Choosing to Cheat

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I’m just starting to read Choosing to Cheat

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by Andy Stanley.  I haven’t gotten very far into it, but I have found a lot of what Andy Stanley writes and says to be very helpful in my ministry.

The basic message of this short book is that many of us have to0 much to do, and we often find that between work and family something has to give or be left undone.  Nothing new or surprising but near the beginning of the book Andy articulated this conflict in a way that I hadn’t clearly thought about before.

When work and family present us with too much to be done: “What it boils down to is this: Someone is going to get cheated.  Worse yet, someone is going to feel cheated.  Someone is going to feel as if I am not giving them what they deserve or need.”

When I am in triage mode and have to decide what’s going to  be left undone, I usually think of it in terms of tasks.

“What item on my to-do list doesn’t get checked off?”  “What activity at home am I going to have to miss?”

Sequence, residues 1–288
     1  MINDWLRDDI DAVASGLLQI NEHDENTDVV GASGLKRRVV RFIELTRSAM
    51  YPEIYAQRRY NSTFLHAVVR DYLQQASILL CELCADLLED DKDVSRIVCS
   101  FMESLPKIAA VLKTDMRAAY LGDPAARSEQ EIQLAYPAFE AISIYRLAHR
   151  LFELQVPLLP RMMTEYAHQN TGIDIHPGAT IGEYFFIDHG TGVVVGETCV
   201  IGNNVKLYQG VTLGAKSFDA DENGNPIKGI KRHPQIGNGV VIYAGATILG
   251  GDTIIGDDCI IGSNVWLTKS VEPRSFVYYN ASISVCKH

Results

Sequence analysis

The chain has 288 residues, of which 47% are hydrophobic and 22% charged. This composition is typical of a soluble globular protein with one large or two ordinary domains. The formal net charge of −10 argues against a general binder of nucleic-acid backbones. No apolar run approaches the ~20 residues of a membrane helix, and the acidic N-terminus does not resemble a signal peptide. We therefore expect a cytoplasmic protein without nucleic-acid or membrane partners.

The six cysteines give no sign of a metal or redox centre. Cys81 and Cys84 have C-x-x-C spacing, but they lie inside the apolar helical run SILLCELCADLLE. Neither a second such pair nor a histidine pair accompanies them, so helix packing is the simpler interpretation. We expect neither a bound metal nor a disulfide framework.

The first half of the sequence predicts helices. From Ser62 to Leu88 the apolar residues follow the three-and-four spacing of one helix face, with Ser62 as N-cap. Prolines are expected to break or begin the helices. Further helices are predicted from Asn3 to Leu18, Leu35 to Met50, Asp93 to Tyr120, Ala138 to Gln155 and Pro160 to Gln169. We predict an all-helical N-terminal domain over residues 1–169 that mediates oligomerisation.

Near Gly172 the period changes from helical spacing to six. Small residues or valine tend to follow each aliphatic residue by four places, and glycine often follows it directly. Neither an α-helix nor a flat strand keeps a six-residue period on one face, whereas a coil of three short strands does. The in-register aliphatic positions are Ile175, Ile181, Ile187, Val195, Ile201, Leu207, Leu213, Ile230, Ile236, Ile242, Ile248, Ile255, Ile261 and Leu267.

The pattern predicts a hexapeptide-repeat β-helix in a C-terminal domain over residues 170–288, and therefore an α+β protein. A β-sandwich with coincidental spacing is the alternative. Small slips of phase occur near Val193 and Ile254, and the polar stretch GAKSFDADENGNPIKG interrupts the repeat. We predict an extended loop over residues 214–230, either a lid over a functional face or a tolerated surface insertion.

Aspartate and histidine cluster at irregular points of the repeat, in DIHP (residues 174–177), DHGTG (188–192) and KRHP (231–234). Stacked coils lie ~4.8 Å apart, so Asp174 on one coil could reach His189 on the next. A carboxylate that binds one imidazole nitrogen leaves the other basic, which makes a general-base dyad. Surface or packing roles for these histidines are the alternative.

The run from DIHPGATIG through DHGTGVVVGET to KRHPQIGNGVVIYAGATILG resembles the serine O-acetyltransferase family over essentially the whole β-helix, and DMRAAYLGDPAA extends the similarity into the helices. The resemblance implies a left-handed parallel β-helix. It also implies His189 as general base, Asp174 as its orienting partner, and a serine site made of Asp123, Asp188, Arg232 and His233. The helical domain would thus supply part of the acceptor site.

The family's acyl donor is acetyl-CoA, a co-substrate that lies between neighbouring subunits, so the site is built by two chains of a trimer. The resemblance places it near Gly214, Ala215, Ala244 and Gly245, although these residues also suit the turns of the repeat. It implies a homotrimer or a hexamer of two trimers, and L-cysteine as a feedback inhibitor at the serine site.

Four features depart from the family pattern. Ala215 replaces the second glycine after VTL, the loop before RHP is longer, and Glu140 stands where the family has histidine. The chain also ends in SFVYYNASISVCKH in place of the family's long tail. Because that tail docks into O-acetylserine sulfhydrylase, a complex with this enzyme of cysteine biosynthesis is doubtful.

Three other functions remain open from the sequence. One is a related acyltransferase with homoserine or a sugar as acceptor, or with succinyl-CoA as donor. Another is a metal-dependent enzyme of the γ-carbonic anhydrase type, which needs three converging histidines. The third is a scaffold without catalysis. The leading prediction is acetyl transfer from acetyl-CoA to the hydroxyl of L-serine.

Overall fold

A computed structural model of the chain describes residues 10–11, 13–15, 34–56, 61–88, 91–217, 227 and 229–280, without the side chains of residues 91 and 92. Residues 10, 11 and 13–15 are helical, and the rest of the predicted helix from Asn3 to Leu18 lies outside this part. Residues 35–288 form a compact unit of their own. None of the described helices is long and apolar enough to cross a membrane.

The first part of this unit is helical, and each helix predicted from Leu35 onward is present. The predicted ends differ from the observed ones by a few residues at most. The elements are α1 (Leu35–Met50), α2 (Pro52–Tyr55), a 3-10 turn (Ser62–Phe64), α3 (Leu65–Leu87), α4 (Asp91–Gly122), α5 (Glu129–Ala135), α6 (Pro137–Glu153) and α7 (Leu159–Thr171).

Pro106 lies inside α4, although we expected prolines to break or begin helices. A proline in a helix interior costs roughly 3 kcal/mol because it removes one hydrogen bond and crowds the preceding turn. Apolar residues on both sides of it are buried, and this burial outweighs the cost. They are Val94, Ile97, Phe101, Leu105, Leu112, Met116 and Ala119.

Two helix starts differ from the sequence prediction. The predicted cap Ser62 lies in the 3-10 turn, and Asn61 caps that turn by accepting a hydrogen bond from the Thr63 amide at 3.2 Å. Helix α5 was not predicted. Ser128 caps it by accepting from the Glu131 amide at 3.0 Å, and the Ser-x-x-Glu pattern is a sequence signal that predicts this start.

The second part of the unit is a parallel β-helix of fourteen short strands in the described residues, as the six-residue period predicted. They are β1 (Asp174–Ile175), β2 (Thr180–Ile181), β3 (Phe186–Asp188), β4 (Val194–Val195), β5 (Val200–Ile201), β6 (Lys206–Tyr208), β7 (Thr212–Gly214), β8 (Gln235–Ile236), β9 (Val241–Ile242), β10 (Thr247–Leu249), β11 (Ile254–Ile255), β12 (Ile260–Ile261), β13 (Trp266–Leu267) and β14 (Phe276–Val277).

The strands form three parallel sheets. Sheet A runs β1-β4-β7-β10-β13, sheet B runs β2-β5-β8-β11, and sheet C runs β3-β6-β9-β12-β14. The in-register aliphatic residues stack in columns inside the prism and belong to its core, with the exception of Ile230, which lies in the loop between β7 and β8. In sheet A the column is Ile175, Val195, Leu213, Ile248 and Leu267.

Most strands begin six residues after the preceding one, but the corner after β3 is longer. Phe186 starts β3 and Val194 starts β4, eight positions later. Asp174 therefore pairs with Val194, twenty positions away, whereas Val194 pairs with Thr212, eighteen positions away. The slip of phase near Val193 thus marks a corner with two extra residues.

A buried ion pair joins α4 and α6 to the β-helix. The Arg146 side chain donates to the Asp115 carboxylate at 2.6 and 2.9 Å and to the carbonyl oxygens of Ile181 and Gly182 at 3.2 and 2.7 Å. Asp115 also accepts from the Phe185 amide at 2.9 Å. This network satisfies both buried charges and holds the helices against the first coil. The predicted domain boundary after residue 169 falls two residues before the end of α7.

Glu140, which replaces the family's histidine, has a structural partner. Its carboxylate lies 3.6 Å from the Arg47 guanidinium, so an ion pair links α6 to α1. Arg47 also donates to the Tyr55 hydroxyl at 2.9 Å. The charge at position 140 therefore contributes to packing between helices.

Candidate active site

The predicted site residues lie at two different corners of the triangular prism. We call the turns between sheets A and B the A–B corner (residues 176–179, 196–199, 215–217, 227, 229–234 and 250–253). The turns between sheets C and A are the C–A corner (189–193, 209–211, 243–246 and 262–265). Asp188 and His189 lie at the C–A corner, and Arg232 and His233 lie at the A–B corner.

But maybe it is more helpful to think in terms of people.

“Who am I going to disappoint?  Which person is going to feel cheated or ignored because I didn’t do <insert task or activity here>?”

In some ways, that’s a pretty negative way to think about it.  But in other ways, it may help me make different and healthier decisions.

2 thoughts on “Choosing to Cheat

  1. Hmm I’ve never really thought about it that way either. Pretty neat how two people can see the same thing and have very different takes on it.

  2. The worst part about if your family feels cheated is how you end up feeling about the fact that they feel that way.

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